Aware of these dynamics, Councilmember Ivory Lee Young, Jr., who represents District 3, delivered a thorough and thoughtful response to Fort:
“Related to Martin Luther King Jr. Drive, there was a Livable Centers Initiative (LCI) funded by ARC over 6 years ago that led to an application that went in for funding to do streetscape improvement along that public corridor. There was a lot of advocacy from previous Councilmember C.T. Martin, to expand the scope of that [project] not just from Northside Dr. to Booker T. Washington High School, but from B.T. Washington and Ollie St. all the way to Adamsville. So there is a substantial scope of work through the LCI went through a very public process of engaging what the improvements ought to be.
When funding became available, services were procured to then determine what the design concepts would be. Those design concepts went through a number of public iterations in terms of public engagement.
Your voice is a valued voice on not just the issue of gentrification. [Mayor Bottoms] is raising $1 billion on affordable housing, a voice like yours ought to be a constructive and positive force at that table to help engineer how an investment like that gets spent. I look forward to working with you personally - you and I - but also [look forward to] your continued engagement in this very constructive - in this larger conversation about gentrification - because it’s a priority for many of us.”
Martin Luther King, Jr. Dr. is bigger than bikes. Overall improved traffic safety and mobility, which emphasize biking, walking, and transit, are critical elements that support a grander vision for this historic corridor. As then-Councilmember Martin said in his statement, “It is very gratifying that the city is about to move forward with one of the most historic and providential actions it could take in regards to our Martin Luther King Jr. Drive, better described as ‘The Street of Dignity.’”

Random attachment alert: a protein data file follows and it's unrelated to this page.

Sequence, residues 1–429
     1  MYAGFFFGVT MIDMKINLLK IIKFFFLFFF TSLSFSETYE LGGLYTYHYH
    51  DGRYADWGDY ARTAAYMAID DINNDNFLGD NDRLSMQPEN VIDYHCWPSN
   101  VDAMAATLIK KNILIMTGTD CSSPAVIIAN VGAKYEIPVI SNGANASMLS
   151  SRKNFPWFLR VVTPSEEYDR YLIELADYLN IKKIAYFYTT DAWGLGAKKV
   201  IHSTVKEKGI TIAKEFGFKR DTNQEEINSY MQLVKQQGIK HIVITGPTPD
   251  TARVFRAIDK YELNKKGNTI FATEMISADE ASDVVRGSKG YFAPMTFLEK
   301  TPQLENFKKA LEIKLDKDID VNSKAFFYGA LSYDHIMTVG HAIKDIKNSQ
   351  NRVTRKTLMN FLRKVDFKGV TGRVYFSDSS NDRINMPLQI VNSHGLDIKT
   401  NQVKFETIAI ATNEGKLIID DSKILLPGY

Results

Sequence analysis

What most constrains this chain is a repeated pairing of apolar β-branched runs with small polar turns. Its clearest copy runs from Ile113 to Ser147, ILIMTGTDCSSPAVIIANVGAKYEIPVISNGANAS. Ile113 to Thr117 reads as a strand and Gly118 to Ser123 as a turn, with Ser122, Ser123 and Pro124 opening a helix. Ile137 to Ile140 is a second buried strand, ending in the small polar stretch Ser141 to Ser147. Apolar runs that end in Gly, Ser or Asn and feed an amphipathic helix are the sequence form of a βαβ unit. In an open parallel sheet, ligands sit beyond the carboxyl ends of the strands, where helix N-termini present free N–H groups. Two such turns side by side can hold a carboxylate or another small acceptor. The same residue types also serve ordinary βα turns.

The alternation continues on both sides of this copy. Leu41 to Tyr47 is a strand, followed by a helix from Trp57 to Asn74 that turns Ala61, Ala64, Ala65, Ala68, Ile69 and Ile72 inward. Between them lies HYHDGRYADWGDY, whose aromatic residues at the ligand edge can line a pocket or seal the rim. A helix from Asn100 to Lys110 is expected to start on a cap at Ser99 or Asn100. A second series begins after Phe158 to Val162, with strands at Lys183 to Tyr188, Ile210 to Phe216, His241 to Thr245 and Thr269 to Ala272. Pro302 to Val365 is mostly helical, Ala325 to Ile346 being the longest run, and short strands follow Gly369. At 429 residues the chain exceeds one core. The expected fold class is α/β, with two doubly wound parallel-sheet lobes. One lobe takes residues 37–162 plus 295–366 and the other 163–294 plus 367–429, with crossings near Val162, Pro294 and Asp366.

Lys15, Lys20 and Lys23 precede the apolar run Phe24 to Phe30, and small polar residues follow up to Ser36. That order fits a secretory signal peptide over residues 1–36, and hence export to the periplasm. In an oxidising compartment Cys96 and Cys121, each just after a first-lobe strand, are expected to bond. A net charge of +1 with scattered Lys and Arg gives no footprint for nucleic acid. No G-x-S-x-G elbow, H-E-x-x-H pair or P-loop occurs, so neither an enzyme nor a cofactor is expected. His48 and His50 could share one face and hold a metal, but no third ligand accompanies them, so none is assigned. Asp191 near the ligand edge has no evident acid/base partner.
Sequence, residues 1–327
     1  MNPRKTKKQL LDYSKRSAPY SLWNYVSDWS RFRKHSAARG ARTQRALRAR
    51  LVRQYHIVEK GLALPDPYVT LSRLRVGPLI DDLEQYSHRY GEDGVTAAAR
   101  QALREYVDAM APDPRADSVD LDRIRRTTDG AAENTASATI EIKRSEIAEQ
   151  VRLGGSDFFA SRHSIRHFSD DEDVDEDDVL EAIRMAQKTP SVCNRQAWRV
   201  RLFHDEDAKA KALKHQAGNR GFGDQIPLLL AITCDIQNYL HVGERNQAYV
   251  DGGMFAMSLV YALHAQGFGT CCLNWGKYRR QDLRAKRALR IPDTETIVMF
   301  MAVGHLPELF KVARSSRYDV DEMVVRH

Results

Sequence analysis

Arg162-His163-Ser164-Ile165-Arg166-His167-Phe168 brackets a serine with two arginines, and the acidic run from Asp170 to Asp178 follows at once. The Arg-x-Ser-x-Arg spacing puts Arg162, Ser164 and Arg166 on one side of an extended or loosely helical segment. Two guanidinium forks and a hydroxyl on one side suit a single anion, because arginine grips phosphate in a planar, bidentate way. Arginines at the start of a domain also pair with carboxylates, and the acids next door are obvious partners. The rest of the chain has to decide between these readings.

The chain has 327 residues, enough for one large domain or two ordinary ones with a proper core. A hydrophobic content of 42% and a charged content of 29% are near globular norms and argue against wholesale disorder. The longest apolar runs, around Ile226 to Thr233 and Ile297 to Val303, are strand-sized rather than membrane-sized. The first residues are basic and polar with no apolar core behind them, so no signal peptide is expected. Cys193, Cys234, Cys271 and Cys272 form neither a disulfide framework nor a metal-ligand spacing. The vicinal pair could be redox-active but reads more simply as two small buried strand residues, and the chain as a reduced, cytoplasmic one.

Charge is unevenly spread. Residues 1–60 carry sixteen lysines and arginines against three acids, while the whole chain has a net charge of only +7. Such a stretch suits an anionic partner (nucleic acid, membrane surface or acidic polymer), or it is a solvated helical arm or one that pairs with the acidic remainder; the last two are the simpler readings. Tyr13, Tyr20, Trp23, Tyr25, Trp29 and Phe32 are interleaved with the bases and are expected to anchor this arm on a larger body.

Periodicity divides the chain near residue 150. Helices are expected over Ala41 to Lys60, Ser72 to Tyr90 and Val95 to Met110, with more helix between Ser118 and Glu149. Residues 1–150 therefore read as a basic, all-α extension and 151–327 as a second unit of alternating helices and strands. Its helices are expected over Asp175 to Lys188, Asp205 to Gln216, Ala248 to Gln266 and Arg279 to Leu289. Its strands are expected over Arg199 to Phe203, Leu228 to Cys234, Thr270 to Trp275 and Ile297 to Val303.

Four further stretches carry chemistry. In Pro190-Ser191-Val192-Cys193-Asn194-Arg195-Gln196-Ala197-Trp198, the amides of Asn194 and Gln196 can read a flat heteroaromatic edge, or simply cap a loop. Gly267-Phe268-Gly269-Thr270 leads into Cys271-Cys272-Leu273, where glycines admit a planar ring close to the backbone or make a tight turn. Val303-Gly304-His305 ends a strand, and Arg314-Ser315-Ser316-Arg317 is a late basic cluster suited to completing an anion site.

Dignity is what this project will bring to people who use this vital corridor every day. Every single person who uses the road, whether biking to MARTA, walking to the bus stop, driving to work Downtown, or treading the same path Martin Luther King Jr. himself walked more than a half-century ago, deserves safe passage on this iconic street.
For an in-depth update on this project, please check out Maggie Lee’s article in the Saporta Report: Linear park, partial road diet in works for MLK.
- There is a two-way protected bike lane with a concrete median from Northside Dr. to James P. Brawley Dr. The roadway is this section will be reduced to 1-lane in each direction with a center turn lane alternating with a median;
- Between James P. Brawley and Ollie St., there is on-street parking on Martin Luther King, Jr. Dr. and no bike lane. People on bikes who want to continue in a lower-stress bike facility are expected to use James P. Brawley Dr. to get to Lena St;
- Then at Ollie St. the bike connection picks back up with a standard bike lane (paint only, no protection) that goes until Ralph David Abernathy Blvd. and I-20, where it turns towards West Lake MARTA.
- There is a 12’ multi-use trail on the north side from Peyton Rd. to Lynhurst Dr. and an 8’ path on the south side by Westview Cemetery. There appear to be gaps in this section which should be addressed by community members and Councilmember Boone.
Thank you to community members, former Councilmember Martin, Councilmember Young, Councilmember Boone, and city staff for making this project possible. Stay tuned for updates.